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Welcome from Joanne Ferraro, Chair

We are among the largest departments in the university, serving over 5500 SDSU students every semester, including 300 majors and pre-majors and 70 M.A. students. History faculty also provide instruction to future teachers in both the Liberal Studies and the Social Science Programs. It is the new home of the Journal of the History of Sexuality.

The history faculty is devoted to teaching excellence and encourages a "community of scholars" atmosphere that includes graduates and undergraduates. In our efforts to encourage a life-long love of learning, we have had the joy of seeing both our undergraduates and M..A. students go on to PhD programs at Yale, Northwestern, UCLA, William and Mary, and the Universities of Pennsylvania and Virginia, some with full scholarships.

Over the last five years the History Department has led the nation by introducing an innovative pedagogy that is interdisciplinary, cross cultural, and transnational. In addition to area studies, we offer a number of thematic fields of concentration, including social and cultural history, the history of the family and childhood, global history, urban history, memory in history, and sex, gender, and the body in historical perspective.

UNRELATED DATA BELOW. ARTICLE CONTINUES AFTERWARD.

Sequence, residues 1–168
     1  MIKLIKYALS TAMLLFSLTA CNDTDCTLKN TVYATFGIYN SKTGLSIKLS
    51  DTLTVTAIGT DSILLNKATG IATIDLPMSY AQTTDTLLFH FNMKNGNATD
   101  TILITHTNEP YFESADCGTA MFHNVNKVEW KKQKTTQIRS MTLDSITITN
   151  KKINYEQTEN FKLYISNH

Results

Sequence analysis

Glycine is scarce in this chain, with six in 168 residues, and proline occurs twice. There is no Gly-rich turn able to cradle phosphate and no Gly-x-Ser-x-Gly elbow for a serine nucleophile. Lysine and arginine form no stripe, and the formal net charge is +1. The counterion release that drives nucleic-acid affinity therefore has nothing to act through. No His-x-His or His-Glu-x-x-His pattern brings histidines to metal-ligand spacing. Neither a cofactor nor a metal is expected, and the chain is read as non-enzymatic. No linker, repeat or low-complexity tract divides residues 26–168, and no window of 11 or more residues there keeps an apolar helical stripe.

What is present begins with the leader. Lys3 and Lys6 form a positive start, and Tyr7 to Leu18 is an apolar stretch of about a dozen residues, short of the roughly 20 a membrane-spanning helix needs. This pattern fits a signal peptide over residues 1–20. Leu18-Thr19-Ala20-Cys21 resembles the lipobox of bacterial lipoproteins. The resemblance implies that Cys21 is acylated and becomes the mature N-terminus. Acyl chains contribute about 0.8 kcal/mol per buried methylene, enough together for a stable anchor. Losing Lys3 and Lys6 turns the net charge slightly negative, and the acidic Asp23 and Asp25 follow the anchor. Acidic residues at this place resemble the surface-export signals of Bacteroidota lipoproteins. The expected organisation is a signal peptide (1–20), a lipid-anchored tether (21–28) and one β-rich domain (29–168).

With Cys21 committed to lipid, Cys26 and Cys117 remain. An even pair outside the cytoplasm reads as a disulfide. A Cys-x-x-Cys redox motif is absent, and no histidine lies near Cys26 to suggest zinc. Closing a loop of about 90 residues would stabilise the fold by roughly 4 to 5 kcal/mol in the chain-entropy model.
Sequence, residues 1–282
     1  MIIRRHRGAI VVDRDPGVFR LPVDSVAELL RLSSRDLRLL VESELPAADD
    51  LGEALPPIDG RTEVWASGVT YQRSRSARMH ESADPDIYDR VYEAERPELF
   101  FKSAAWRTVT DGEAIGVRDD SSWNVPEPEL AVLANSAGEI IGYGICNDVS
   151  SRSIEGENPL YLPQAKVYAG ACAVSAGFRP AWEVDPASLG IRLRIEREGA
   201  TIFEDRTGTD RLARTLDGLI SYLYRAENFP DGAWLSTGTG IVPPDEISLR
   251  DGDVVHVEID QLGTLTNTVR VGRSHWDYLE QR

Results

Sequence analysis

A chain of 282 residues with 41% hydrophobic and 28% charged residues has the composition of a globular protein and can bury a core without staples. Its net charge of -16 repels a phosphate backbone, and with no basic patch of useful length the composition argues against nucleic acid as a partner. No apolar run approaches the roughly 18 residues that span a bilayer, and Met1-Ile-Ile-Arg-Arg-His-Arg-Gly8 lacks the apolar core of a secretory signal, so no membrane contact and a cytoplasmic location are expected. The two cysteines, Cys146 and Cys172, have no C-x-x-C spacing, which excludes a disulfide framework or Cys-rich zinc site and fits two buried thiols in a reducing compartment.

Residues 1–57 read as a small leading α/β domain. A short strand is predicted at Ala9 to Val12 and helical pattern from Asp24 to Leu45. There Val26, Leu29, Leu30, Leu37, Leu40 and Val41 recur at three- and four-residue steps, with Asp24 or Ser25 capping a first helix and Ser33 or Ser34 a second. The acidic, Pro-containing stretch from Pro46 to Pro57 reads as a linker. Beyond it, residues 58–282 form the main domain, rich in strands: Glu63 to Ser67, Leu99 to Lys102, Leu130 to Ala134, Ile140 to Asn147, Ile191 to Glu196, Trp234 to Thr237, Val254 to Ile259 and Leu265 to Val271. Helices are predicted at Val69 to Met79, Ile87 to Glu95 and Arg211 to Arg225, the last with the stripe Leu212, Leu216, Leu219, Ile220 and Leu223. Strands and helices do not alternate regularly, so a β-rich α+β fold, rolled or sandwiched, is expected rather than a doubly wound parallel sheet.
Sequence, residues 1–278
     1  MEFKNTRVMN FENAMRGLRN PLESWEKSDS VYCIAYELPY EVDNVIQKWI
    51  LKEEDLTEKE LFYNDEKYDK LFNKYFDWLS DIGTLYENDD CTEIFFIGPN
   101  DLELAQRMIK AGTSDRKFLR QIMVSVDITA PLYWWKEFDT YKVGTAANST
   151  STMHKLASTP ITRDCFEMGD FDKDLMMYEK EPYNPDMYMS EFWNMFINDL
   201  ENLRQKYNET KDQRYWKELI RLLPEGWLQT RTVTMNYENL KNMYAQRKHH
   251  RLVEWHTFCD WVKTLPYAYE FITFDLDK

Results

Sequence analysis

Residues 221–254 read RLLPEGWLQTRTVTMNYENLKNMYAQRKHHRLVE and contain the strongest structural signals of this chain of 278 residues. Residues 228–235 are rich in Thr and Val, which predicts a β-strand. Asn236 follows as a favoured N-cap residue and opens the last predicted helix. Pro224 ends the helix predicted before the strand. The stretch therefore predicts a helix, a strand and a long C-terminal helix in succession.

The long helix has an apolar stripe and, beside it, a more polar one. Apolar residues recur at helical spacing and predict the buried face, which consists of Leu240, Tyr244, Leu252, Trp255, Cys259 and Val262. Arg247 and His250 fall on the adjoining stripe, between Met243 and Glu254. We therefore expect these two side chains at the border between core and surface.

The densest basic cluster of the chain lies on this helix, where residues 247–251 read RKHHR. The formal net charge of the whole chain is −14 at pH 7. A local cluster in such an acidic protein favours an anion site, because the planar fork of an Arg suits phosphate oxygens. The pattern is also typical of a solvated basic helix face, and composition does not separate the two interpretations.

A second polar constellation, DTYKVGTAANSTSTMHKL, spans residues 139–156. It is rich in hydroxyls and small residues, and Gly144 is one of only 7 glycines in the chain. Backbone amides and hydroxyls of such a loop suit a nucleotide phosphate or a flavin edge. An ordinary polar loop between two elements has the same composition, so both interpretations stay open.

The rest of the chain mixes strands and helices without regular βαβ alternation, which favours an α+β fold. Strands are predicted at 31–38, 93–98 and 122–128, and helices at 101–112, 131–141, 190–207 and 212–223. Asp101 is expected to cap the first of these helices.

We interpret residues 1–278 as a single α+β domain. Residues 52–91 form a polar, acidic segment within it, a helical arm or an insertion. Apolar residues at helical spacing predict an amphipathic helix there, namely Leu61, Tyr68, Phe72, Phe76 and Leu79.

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Important Links

  • Writing Guides

    One of the most important skills developed in a History degree is the ability to communicate your ideas in writing clearly and effectively.

    More about writing guides »

  • What to do with a degree in History?

    History is a liberal arts major that allows you to consider a multitude of careers.

    More about History degrees»

Recent News

Congratulations to Dr. Joanne Ferraro for being selected to present the 25th Albert W. Johnson Research Lecture. The lecture series is sponsored by Graduate and Research Affairs and the University Research Council in recognition of SDSU faculty who make exceptional research and teaching contributions.

Dr. Ferraro will deliver her presentation entitled “The Historian as Detective: Sex Crimes in Early Modern Venice" on Friday, March 20 2015, from 3:00-5:00 PM in AL 201. 

Read more about the lecture »